His humanitarian work is second to none and we can expect 20+ more years of his direct influence on global policy. The world is a better place thanks to Mr and Mrs Gates.
Artists even more than scientists. When the Italian comedian Totò died in the late '60s this happened :
> Totò died at the age of 69 on 15 April 1967 in Rome after a series of heart attacks. Due to overwhelming demand, there were no fewer than three funeral services: the first in Rome, a second in his birth city of Naples—and a few days later, in a third one by the local Camorra boss, an empty casket was carried along the packed streets of the popular Rione Sanità quarter where he was born
A similar thing happened when the Russian folk singer Vysotsky died in 1980 :
> After a mourning ceremony involving an unauthorized mass gathering of unprecedented scale, Vysotsky was buried at the Vagankovskoye Cemetery in Moscow. The attendance at the Olympic events dropped noticeably on that day, as scores of spectators left to attend the funeral. Tens of thousands of people lined the streets to catch a glimpse of his coffin.
I'm pretty sure no businessman on this planet would have his/her funeral attended by tens of thousands of people nor will they be interred thrice "by popular demand", so to speak.
So, the question with Gates is whether he manages to fund something that materially changes the world in a way people in the future will remember.
Saving some lives? Probably not that meaningful 100 years from now. Funding a technology that solves climate change and/or provides cheap clean energy? People will probably remember.
So it's hard to tell. Gates has funding in both areas of potential, and he's taking a very hands on approach to his philanthropy so he's more liable to get some credit, in the same way library afficionados do remember Carnegie.
History books will probably talk just a bit about his wealth, maybe about his humanitarian actions, but he'll definitely be remembered as the person who made personal computing a thing.
If you actually do the math based on an inflation calculator, you find $5 billion: https://www.forbes.com/sites/chloesorvino/2014/07/08/whats-b...
Afterwards, Gates went on to create the most effective and well-funded philanthropy since the Carnegie Foundation, eradicated Malaria, etc. While his former competitors spent their riches on superyachts and the like.
Edit: took out some things about Gates and the dual nature of his work at Microsoft and the Gates Foundation.
I think trying to point to something "solved" is not the right approach. The goal of the foundation is to solve through research. While it's impossible to say that his funding of these goals will actually solve them, because the solution may come on a different grant from another source but where a scientist learned something from one of the scientists on a gates funded project. I feel that's a reasonable situation where complexity makes it impossible to directly attribute a solution to Mr. Gate.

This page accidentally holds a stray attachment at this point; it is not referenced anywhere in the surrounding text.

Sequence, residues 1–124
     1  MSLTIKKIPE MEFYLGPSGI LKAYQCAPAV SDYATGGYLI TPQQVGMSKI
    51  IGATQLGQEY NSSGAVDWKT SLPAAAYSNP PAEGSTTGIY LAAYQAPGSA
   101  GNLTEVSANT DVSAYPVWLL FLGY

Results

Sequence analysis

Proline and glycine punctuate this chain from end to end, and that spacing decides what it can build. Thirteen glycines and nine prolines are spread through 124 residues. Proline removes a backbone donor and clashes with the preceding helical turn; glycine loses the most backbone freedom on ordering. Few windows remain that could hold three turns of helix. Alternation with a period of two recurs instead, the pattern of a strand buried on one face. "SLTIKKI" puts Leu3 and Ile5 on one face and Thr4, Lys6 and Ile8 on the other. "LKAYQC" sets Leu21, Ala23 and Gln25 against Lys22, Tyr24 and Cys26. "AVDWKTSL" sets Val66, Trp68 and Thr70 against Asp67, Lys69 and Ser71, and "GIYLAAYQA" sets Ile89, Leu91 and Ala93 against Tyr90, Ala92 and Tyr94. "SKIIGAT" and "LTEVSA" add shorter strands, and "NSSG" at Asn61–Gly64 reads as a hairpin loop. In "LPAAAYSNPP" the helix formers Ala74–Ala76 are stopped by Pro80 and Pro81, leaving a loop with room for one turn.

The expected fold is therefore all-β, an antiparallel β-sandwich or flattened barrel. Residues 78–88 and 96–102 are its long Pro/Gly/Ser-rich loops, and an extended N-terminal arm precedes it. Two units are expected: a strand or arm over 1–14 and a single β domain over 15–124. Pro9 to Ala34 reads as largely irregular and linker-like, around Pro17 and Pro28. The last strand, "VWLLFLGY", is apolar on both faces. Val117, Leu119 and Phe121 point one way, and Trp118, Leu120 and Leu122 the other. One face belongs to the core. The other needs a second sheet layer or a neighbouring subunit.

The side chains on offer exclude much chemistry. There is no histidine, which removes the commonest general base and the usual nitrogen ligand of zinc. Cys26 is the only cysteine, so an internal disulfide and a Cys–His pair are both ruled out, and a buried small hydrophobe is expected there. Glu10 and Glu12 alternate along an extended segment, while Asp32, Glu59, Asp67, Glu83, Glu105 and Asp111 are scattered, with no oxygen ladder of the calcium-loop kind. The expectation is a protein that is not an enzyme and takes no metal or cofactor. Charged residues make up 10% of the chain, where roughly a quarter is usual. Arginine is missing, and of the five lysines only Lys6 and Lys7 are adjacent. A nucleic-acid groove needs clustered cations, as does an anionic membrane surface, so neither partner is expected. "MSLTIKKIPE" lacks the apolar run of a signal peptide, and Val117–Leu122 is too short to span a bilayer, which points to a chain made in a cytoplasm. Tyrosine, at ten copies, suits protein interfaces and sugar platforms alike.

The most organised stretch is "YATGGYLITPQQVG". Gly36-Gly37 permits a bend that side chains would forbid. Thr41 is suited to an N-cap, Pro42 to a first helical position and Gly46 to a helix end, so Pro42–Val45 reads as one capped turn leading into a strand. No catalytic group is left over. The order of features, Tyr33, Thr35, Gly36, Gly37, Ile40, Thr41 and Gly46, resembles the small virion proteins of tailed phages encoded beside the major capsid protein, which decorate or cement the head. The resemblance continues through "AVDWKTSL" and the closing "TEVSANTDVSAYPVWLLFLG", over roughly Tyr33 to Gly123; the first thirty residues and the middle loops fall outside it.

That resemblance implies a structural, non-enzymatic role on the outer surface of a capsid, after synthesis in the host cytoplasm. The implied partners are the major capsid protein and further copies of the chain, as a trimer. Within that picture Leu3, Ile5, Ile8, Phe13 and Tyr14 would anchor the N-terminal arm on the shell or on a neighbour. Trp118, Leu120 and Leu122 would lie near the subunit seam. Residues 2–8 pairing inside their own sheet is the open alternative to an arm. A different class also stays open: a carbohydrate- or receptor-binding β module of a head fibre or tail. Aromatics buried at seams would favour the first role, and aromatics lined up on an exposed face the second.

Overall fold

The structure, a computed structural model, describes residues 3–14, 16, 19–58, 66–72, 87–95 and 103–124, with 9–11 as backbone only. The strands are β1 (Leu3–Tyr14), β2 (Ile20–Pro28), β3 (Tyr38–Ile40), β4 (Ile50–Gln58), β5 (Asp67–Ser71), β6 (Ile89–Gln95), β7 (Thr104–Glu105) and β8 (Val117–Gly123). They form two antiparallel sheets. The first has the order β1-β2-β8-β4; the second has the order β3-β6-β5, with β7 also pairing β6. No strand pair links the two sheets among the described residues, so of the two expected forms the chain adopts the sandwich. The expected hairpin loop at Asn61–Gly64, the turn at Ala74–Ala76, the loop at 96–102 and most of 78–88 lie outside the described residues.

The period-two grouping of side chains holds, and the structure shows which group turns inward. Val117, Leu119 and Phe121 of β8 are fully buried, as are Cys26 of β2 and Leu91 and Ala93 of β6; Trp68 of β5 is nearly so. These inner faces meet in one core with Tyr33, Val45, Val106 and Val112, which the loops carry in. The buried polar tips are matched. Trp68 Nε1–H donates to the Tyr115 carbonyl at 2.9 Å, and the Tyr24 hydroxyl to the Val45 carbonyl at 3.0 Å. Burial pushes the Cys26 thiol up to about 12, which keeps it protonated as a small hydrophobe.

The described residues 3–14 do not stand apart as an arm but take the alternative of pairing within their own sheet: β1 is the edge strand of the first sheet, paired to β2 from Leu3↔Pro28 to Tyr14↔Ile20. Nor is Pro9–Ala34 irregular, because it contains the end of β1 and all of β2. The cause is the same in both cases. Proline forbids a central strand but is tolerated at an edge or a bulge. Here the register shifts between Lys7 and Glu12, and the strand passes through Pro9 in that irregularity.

Instead I'd look at the social impact of someone in the 0.1% looking to the poorest in the world with empathy (whether genuine or not) and how that's changed how we look at philanthropy.
Malaria is a bitch. It's one of the worst things about going to many countries out there and Dengue is even worse in many cases. While survivable as an adult, it is no joke, and the idea that solving this should be something we focus on even though people (for practical purposes) can't get malaria in the USA is awesome.
Anecdotal evidence inbound => As someone who has prepared for an extended stay in South America, this was 100% the worst thing to focus on. I got Salmonella in Haiti and shit man that was rough. I can't even imagine Malaria.
Anyway, back to the point. The fact that he's focusing on this is the important thing. Investigating results of his 50bn dollars would require it's own research with a ton of nuance and assumptions.
a) The impact his wife Melinda had on his worldview;
b) That people are nuanced and full of contradictions;
c) The person you are at 30 and the person you are at 60 is defined by the accumulation of experiences, not the accumulation of wealth.
Yes, I have read none of the annual reports. I did pop over to the site and found this for 2017:
Maybe the site's layout is just hiding the actual report, but this just looks like an executive summary, and enumerates no solved problems.
Either way, I'd like to get something that would span multiple years of effort and billions spent. It would talk about the specific problems the Gates Foundation has solved through its efforts.
Does something like that exist?
Bill likes to do his AmA's as "surprises", though, so we don't usually schedule those!
I may disapprove of users not updating their systems, but I'll defend to the death their right to not do so.
For the millions of others people who don't know how to find facebook without putting it into google search... yeah the automatic updates are good for them, and I'm tired of power users thinking their opinions are the only ones that matter.